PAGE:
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Health App Surprises

April 2016

By Tom Stibolt, MD, Mobile Musings Column Editor

There is a lot written and said about mobile health apps. Proponents would have us believe that these apps are the solution to many problems. Critics counter with many arguments including that the apps are used by people who would be healthy anyway, they are difficult to use, and so on. There are a number of recent interesting discoveries regarding these apps.

A survey report from Accenture found that the vast majority of consumers and doctors believe that wearables help patients engage in their health. The number of U.S. consumers using wearables and mobile apps for managing their health has doubled from 16 percent in 2014 to 33 percent today. In addition, four in 10 consumers who use health apps said they have discussed or shared mobile app data with their doctor in the past year; 76 percent or patients who were asked by a doctor to use wearables to track their health followed their physician’s recommendation.

The survey found some problems as well. Many believe that wearables lack the ability to keep the users’ attention in the long run, and while they may use it for a few months later  use becomes less consistent. There is also a problem with compatibility of data sharing between consumers, health care providers and other potential partners. Data sharing creates its own set of problems, and 90 percent of users say they are willing to share data with medical providers. However, 63 percent are willing to share that data with their health plans, and 31 percent are willing to share it with their employers.

Privacy and security are other important concerns. A March article in the Journal of the American Medical Association examined privacy policies of diabetes apps available in the Google Play Store. Of 211 apps examined, 81 percent did not offer privacy policies. This compares to a similar study in 2013 found 74 percent of free apps and 60 percent of paid apps had a privacy policy in the app or on the developer’s website. Possibly worse, of the 41 apps that did have privacy policies, 17 percent of the privacy policy provisions said data may be disclosed to advertisers. Additionally, 48 percent of the provisions said cookies would be used, 61 percent said they would share the data if required by law, and 43 percent said the data would be stored in the developer’s system. This further heightens my concerns about privacy. The researchers point to the problem of the absence of federal legal protections against the sale or disclosure of data from medical apps to third parties.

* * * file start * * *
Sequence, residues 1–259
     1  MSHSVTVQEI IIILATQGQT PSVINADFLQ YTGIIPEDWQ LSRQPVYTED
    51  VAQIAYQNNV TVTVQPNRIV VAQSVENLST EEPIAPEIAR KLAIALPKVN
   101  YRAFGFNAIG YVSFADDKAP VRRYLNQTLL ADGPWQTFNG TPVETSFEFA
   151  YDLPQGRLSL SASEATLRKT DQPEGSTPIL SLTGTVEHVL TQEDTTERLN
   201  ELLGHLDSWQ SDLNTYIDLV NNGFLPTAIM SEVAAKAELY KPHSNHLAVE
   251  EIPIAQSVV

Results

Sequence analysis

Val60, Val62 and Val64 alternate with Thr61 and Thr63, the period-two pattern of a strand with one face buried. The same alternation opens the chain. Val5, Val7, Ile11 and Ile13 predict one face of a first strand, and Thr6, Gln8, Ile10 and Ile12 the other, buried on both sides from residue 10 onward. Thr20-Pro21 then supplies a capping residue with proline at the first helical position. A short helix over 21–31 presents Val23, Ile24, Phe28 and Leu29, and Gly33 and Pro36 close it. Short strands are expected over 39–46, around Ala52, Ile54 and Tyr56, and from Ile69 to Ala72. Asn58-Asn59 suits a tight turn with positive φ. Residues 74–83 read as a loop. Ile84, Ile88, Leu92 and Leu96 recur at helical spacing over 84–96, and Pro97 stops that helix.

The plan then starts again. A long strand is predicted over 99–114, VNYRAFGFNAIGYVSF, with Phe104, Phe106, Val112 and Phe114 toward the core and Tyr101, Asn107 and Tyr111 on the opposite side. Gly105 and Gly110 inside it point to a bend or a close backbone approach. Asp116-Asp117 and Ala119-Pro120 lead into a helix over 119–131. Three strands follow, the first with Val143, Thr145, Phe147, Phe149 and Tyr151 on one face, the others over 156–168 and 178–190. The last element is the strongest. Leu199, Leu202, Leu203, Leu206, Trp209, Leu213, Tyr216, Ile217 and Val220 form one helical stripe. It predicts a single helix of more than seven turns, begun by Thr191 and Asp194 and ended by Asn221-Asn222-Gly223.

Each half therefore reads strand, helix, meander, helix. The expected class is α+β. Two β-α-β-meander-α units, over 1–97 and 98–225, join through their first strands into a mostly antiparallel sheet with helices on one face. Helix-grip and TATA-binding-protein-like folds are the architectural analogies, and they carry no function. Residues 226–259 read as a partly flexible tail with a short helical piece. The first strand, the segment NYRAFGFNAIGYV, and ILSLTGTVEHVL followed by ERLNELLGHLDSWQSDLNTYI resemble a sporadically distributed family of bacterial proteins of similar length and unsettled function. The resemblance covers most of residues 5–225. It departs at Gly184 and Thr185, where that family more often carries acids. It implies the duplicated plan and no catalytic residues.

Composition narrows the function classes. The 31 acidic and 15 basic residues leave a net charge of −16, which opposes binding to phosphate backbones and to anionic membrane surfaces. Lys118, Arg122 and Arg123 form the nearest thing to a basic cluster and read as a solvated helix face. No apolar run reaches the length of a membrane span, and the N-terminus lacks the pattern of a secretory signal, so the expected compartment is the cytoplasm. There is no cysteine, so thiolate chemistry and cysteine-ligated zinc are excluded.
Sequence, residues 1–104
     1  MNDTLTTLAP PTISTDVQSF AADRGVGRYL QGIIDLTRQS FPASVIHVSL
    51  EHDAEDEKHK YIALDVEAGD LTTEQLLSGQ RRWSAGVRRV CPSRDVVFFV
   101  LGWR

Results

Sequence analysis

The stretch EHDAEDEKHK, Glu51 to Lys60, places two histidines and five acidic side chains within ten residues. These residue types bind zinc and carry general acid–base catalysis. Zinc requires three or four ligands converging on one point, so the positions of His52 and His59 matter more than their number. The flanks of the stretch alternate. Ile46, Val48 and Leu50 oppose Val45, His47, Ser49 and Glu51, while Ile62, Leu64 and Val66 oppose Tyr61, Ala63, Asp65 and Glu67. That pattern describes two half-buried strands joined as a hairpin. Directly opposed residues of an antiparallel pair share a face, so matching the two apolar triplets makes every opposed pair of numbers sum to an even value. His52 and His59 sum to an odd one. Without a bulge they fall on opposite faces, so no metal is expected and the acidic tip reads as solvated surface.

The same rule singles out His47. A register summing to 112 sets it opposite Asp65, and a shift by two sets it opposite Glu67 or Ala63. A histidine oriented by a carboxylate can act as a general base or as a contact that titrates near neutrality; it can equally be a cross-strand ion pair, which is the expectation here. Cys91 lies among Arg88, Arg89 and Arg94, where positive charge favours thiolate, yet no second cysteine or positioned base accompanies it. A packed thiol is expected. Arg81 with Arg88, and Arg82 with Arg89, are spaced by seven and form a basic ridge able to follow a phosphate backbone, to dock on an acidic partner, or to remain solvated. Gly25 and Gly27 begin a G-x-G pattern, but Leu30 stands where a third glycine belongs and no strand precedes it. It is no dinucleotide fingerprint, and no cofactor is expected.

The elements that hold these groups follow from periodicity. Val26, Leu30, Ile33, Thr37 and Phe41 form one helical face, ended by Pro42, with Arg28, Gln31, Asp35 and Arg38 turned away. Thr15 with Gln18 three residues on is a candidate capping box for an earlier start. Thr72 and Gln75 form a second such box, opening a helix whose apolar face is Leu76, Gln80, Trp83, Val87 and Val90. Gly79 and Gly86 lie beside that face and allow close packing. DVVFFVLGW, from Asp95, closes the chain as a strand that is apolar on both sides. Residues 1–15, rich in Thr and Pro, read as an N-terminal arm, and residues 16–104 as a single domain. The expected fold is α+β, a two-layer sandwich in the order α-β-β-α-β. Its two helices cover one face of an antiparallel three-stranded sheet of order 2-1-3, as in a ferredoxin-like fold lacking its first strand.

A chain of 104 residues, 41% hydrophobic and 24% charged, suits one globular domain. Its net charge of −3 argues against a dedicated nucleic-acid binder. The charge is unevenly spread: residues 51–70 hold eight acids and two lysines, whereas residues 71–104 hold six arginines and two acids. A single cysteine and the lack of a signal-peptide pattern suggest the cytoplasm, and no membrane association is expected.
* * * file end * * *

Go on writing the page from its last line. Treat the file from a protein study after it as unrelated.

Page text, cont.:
A study published in Healthcare Informatics concluded that less than half of the more than 1,000 health care related-apps reviewed by researchers appeared to be useful for their potential for patient engagement. The researchers conducted a systematic search of iOS and Android app stores, and an analysis of apps targeting individuals with chronic illnesses. For the study, usefulness was determined based on the four criteria: description of engagement, relevance to the targeted patient population, consumer ratings and reviews, and most recent app update. The researchers also attempted to categorize the apps with regard to how well they would meet the needs of patients with differing levels of health care engagement. They concluded that, just as treatment needs to be tailored to the patient, the same applies to apps, as mobile health apps “appeal to different audiences by offering varied functionalities.”

Finally, researchers from the University of Washington surveyed 211 patients and interviewed 21 doctors, dieticians and other health care providers regarding their expectations on how patients’ self-tracking data should be shared and used. They found that health care providers lack the capacity or tools to review or instantaneously interpret data from lifestyle, fitness or food tracking mobile apps. Interviewed doctors say patients have increasing access to their health care data but are also increasingly overwhelmed by it.

When managing chronic disease or symptoms, day-to-day lifestyle tracking data can be useful, but doctors don’t have a way to use these data efficiently and effectively. Providers feel pressured because they want to help and analyze data, but every format is different and data is not validated. They recommend validation studies, and also that app developers provide user-friendly summary pages, versus the unwieldy logs that patients print out.

Who knew wearables could be so wearing?


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Editor’s note: The ATS does not endorse any of the programs or products mentioned in this column.

Last Reviewed: September 2017